The Dallas Morning News Likes The Book

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from the Dallas Morning News, Sunday, September 30, 2012
by Allen Barra

….One wonders that if Hunt had driven Murchison’s Cowboys out of Dallas, would the AFL team had merited a book as massive as Joe Nick Patoski’s The Dallas Cowboys? That the book is a feast for Cowboys fans should come as no surprise — every big game from the famous “Ice Bowl” with the Green Bay Packers in 1967 to the Super Bowl triumphs of the 1990s are recounted in loving detail.

The surprise, perhaps, is how invigorating a read it is for those — such as myself — who usually root for the team not wearing a blue star on their silver helmets. (Disclosure: In the early 1980s, I lived in Houston and met Patoski while I wrote for various rock magazines and he was manager of one of my favorite bands, Joe King Carrasco and the Crowns.)

Even we skeptics have to admit that, if not for the Cowboys, the NFL might still be in the Stone Age in terms of scouting players, game preparation and offensive sophistication. And fans who get tired of reading about the Cowboys’ successes can revel in the team’s history of excesses, particularly a cocaine scandal when, Patoski says, “America’s Team had become South America’s team.”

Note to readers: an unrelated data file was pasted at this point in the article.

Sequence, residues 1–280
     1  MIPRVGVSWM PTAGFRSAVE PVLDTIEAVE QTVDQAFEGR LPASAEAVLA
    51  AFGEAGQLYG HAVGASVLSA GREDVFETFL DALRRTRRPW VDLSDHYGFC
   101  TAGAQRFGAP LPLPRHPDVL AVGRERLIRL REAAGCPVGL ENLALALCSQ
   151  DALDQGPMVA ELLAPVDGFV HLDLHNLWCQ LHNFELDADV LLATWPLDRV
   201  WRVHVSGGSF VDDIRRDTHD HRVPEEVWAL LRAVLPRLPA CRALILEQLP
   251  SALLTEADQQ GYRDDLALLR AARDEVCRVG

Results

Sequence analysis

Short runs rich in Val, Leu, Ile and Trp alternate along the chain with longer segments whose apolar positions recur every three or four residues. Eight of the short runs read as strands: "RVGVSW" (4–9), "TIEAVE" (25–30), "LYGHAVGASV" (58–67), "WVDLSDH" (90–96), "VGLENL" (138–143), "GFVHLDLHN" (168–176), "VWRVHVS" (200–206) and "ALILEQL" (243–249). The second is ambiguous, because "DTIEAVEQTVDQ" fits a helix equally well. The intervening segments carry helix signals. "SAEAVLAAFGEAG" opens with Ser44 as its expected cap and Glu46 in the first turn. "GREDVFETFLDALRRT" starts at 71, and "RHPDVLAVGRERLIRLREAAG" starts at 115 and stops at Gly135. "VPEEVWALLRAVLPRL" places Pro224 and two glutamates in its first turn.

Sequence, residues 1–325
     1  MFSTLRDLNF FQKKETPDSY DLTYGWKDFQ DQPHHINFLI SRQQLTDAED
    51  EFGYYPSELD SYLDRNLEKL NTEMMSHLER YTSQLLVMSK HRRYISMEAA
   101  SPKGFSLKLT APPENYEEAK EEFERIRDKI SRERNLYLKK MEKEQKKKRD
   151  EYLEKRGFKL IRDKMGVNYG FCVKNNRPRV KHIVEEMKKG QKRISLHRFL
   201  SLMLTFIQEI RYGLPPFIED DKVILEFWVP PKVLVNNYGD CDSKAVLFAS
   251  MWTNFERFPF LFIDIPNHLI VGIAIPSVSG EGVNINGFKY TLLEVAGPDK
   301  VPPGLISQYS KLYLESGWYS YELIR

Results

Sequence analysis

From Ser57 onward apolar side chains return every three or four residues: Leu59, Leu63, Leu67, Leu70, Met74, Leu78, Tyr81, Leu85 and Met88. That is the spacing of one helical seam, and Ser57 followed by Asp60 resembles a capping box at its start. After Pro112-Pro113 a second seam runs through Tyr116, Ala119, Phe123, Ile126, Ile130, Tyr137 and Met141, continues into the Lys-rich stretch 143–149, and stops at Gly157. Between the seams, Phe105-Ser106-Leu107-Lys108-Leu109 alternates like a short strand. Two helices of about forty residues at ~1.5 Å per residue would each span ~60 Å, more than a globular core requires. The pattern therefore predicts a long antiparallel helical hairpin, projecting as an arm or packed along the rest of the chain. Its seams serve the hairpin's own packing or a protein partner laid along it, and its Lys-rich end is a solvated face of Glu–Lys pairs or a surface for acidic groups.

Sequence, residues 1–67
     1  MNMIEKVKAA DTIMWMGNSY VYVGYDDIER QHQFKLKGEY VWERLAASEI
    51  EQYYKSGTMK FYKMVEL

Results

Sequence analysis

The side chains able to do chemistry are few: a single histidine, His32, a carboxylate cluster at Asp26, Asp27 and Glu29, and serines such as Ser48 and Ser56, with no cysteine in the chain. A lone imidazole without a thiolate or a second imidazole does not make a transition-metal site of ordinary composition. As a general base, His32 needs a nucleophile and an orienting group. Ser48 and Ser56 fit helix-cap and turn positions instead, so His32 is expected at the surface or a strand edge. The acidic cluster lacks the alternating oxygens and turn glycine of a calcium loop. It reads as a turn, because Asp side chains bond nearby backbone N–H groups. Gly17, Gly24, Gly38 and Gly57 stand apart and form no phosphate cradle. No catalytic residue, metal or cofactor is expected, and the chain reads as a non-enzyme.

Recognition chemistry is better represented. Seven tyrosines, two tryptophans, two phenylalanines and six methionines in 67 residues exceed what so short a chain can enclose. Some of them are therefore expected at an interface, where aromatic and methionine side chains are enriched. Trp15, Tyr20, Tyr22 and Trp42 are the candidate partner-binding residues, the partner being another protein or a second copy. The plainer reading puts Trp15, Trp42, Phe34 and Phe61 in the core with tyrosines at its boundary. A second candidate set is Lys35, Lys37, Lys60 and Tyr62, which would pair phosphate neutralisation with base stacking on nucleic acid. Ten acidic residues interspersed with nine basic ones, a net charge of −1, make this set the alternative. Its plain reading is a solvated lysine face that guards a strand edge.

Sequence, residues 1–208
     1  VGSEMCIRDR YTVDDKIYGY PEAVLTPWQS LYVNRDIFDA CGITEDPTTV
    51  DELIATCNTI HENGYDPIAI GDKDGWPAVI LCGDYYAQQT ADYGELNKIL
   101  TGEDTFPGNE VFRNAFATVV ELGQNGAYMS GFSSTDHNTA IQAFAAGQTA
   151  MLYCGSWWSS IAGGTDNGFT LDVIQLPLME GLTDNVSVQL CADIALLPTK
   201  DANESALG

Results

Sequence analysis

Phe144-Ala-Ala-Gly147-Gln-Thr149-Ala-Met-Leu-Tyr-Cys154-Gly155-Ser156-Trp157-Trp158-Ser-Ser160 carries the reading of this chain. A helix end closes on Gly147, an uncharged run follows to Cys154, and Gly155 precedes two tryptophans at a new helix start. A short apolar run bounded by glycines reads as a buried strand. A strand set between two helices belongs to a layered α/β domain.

There are other, more detailed accounts of the careers of Cowboys luminaries such as Tom Landry, Roger Staubach and Troy Aikman, but none that places their accomplishments so firmly within the framework of America’s Team.

And that’s what the Cowboys ultimately are, whether people like it or not. (After all, as Patoski points out, early in the Staubach era “more bootleg, knockoff merchandise was manufactured for the Cowboys than for any other club.”)

“What began as an idea,” writes Patoski, “and is now the premier franchise in American sports could have flourished only in the fertile blackland prairie of North Central Texas. … The city made the team possible. In exchange, the team gave the city its identity and a sense of pride and glory.”

For better or worse, Patoski is right, and The Dallas Cowboys stands as the definitive biography of a city and a football team.

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